Jay Eggleston didn't know he was getting career guidance in 1985 when he saw pictures in magazines showing daring young guys performing tricks on BMX bikes. He just knew he wanted to do what they were doing, so he asked his dad to build him a then-novel quarter pipe in their Denver driveway. When he'd mastered that challenge, Eggleston moved on to ride a friend's larger half-pipe. There was no pro stunt circuit then, just the thrill of confronting the unknown. Multiple concussions, a broken sternum and other bruised parts later, Eggleston -- who turned pro in 1996 -- still has a passion.
Action athletes look to get big air at the Right Guard
"You never like getting hurt, but it's great fun riding," says the 33-year-old Denver competitor.
And he's excited about riding in the inaugural Right Guard Open, starting Thursday, July 7, and running through Sunday, July 10, at the Pepsi Center. The showcase, the second leg of the five-city national Dew Action Sports Tour, will feature some 150 riders and skaters competing in six events: skateboarding (vert and park), BMX (vert, park and dirt) and motocross freestyle.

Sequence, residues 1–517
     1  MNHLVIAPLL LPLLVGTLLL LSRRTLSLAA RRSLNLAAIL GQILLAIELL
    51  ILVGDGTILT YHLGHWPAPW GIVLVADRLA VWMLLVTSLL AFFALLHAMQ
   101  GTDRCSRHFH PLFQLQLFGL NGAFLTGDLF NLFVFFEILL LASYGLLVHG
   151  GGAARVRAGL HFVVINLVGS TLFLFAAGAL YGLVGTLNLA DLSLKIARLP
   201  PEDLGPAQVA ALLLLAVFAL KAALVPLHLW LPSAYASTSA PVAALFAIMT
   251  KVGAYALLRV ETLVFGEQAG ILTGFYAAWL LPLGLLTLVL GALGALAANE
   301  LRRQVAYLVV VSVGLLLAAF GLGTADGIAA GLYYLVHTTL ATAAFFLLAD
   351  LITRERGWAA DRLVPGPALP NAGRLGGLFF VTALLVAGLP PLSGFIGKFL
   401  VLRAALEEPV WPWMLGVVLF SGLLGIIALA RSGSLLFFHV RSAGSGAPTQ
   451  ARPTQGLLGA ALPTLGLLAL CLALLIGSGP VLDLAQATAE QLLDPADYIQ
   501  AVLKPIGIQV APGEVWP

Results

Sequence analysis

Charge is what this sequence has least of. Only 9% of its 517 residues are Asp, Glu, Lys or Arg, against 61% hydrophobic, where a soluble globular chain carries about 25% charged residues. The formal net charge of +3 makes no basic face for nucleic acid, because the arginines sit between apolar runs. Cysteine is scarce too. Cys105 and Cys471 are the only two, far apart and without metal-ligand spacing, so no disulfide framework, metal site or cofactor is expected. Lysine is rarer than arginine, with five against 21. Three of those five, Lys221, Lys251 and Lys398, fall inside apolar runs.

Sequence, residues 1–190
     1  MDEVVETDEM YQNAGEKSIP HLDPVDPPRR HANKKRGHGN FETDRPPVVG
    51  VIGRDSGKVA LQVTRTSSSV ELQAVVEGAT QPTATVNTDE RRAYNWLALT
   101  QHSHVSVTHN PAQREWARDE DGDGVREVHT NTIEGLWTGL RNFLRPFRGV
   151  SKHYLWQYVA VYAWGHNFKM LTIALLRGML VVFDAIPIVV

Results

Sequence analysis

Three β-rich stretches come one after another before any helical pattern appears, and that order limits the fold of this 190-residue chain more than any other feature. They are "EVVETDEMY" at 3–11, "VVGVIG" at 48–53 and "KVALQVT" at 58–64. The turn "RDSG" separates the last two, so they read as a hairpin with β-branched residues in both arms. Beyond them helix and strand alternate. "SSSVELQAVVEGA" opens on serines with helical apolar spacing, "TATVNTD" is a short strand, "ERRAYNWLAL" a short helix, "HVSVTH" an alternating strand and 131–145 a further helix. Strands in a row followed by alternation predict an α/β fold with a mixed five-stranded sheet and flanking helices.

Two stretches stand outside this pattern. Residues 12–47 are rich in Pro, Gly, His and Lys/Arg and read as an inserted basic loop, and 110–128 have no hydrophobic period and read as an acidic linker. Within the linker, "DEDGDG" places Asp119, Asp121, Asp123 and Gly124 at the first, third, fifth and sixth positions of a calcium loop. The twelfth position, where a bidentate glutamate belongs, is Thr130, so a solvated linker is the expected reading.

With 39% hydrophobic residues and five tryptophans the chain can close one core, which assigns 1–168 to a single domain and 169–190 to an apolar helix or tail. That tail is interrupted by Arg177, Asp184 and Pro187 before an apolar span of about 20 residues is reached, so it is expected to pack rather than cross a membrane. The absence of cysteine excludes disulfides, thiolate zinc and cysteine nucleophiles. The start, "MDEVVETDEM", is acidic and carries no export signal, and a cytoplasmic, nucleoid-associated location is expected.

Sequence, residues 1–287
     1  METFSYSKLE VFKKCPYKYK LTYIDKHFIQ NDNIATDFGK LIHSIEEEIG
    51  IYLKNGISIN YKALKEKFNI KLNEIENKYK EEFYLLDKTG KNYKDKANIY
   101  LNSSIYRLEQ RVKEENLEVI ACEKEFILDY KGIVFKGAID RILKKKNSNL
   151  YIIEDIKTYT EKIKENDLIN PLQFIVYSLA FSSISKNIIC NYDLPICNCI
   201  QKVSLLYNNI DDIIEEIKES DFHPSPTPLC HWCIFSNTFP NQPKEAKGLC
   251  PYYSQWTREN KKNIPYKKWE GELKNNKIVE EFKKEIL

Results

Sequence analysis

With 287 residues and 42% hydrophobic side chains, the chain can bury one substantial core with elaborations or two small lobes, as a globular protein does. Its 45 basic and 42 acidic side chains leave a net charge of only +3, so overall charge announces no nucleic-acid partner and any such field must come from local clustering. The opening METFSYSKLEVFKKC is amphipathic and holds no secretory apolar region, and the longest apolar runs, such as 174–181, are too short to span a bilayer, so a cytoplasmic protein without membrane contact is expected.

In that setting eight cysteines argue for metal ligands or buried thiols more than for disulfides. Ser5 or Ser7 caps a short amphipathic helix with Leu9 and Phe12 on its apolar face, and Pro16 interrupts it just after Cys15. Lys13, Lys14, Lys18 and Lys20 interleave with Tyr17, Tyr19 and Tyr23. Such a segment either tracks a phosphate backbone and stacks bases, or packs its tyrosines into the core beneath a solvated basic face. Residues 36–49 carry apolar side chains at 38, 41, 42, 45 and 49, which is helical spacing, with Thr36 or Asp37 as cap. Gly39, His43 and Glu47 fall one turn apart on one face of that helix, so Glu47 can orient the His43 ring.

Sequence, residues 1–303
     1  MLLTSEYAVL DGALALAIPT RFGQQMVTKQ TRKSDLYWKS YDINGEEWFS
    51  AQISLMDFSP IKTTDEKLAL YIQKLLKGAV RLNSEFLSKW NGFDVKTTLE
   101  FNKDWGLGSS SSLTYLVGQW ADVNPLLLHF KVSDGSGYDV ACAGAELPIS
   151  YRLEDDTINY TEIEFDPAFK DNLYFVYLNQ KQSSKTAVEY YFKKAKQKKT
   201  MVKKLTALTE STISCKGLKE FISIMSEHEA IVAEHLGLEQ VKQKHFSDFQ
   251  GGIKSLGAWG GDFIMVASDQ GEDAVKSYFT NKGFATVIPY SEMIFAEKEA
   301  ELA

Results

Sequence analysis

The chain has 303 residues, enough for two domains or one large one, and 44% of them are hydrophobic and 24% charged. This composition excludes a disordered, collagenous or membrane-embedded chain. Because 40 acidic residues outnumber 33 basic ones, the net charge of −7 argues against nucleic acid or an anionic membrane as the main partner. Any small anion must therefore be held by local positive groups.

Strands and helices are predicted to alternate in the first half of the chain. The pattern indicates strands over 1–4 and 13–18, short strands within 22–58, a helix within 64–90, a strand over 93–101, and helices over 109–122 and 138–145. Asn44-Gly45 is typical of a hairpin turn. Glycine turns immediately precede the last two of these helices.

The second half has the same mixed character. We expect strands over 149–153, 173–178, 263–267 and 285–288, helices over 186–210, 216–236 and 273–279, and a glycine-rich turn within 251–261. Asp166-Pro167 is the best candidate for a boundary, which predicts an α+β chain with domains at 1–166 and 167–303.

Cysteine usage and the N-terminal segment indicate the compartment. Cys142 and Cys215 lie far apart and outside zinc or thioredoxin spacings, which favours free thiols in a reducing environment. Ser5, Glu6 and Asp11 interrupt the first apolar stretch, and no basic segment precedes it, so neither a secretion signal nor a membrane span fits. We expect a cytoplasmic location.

Eggleston will perform his high-flying BMX stunts in the vert category, aiming to soar twelve feet higher than the thirteen-and-a-half foot pipe. Others will bring their best, too. BMX dirt star Ryan Nyquist will launch from large earthen jumps that offer the fearless a chance to "go big" and still land safely. Skateboard park rider Ryan Sheckler will navigate the course, hoping to impress judges with his creativity. And freestyle motocross rider Jeremy "Twitch" Stenberg will rocket his machine off huge dirt jumps. Competitors will earn points that accumulate over the tour, with the biggest winners crowned champs. Think NASCAR with smaller wheels.
"This is something that might not have worked five years ago, but the time is right now," says Wade Martin, general manager of the tour. Unlike past single-event action sport spectacles, the ongoing tour is designed to give "consistency and context" to these individual sports, he adds. While the Open is at the Pepsi Center, many of the events will be held outside in the arena's parking area, where fans can get an up-close view of action sports and its stars, as well as access to many interactive games that put spectators in the driver's seat. There will also be live outdoor rock concerts Friday and Saturday nights, from 9 to 11 p.m.
In the Mile High City, Eggleston and the open hope to go big.